Unbeknownst to the client, his retired Naval officer father who passed away years ago, had paid into SBP, which is a plan designed to provide survivors with cost-of-living income while they are minors and/or attending college. The client completed college without receiving any SBP annuity and moved on with his career for years until he received notice from a plaintiff in a pending United States Court of Federal Claims (CFC) action that essentially claimed entitlement to the client’s portion of the annuity. Mr. Schenk, who is licensed to practice in the CFC, contacted the Department of Justice (counsel for the United States) and informed them that his client intended to file an administrative claim for his portion of the SBP benefit. This delayed the CFC litigation--and kept his client out of court--while Mr. Schenk coordinated with DFAS to submit a BCNR application that effectively removed a statutory cap on the amount his client could receive. After successfully petitioning the BCNR to remove the cap through a retroactive records correction, Mr. Schenk then petitioned DFAS, who disbursed a sizable lump sum to his client.
Security clearance protected
Mr. Schenk’s client received a notice of intent to revoke his security clearance due to allegations contained in an Army Criminal Investigations Command (Army CID) investigation. In response, Mr. Schenk compiled a rebuttal that systematically attacked CID’s findings and emphasized key mitigating evidence in support of his client’s request to keep his clearance. In June 2017, the Department of Defense decided not to revoke the client’s clearance.
In March 2015, Mr. Schenk, in conjunction with a stellar legal team that included attorneys from prominent Supreme Court litigation firm, Jenner and Block, acted as co-counsel on a petition for a writ of certiorari filed with the United States Supreme Court in Schwalier v. Carter.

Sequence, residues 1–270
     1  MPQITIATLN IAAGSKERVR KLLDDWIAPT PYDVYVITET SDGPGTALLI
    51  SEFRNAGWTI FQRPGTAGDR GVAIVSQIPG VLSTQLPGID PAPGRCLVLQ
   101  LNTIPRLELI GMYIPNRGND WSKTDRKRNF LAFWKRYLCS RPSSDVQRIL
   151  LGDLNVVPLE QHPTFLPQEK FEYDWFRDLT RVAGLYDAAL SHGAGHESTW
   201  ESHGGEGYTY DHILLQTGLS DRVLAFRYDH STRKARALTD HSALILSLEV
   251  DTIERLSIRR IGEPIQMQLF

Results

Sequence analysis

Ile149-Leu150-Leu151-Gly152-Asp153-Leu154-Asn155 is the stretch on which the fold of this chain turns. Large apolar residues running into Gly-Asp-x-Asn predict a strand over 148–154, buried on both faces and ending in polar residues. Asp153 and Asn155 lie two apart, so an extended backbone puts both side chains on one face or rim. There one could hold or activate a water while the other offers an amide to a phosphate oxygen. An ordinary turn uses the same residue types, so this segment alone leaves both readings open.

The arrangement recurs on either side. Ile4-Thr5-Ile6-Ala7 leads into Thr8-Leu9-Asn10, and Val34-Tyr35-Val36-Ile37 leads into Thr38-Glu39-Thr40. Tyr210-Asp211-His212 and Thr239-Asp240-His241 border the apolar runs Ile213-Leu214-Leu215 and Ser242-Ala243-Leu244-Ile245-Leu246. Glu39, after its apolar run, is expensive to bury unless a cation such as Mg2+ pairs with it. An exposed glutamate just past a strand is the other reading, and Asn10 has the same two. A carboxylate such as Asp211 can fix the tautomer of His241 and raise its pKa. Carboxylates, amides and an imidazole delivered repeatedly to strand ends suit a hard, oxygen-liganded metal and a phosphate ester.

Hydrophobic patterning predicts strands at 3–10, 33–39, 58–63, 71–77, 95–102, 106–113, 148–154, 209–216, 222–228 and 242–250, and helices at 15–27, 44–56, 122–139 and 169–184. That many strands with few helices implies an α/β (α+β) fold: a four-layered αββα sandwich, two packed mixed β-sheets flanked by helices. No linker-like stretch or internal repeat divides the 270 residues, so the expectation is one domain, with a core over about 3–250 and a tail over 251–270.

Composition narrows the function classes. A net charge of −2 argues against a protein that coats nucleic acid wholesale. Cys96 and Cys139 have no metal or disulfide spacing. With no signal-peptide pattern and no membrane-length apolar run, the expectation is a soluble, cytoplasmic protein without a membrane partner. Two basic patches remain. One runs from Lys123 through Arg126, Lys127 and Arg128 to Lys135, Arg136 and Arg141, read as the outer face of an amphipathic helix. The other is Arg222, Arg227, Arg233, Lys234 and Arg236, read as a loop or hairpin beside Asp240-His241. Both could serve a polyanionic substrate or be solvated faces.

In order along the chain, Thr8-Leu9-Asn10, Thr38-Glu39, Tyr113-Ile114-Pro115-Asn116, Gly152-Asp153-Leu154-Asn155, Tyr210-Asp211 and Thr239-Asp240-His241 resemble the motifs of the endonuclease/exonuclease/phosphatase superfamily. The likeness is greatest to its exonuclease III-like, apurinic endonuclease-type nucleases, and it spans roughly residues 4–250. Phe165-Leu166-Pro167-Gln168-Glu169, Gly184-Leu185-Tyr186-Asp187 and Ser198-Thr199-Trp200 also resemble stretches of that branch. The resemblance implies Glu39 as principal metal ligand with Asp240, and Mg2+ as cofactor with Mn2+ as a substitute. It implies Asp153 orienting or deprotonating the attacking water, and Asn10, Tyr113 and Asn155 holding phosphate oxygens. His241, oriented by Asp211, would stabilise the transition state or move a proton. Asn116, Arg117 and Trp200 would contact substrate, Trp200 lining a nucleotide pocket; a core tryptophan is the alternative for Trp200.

The petition raised the question of whether certain provisions of the Defense Officer Personnel Management Act violates the Appointments Clause. Also supporting the petition as Amicus Curiae was the Military Officers Association of America & the General Officers’ Network as well as the Air Force Association and former Air Force Secretaries Dr. James G. Roche and Michael W. Wynne.
Partial summary judgment in federal court holding a Board for Correction of Naval Records (BCNR) decision arbitrary and capricious in violation of the Administrative Procedure Act (APA) and remanding the matter to the Secretary of the Navy for further proceedings.
In this case, the BCNR had failed to provide any basis for the Court to conclude that its decision was the product of reasoned decision making, which is a violation of the APA.
PARTIAL SUMMARY JUDGMENT IN FEDERAL COURT HOLDING UNLAWFUL DECISION A DECISION OF THE ARMY BOARD FOR CORRECTION OF MILITARY RECORDS (ABCMR) AND REMANDING THE CASE FOR PROPER CONSIDERATION.
The ABCMR had failed to adequately address the arguments the plaintiff had presented to it. On remand, when forced to address these arguments, the ABCMR granted full relief entitling the plaintiff removal of an adverse Officer Evaluation Report (OER) and Special Selection Boards (SSB) who will determine whether he should be retroactively promoted.
Full relief from the Army Board for the Correction of Military Records (ABCMR) relieving ROTC scholarship recipient of a substantial outstanding debt.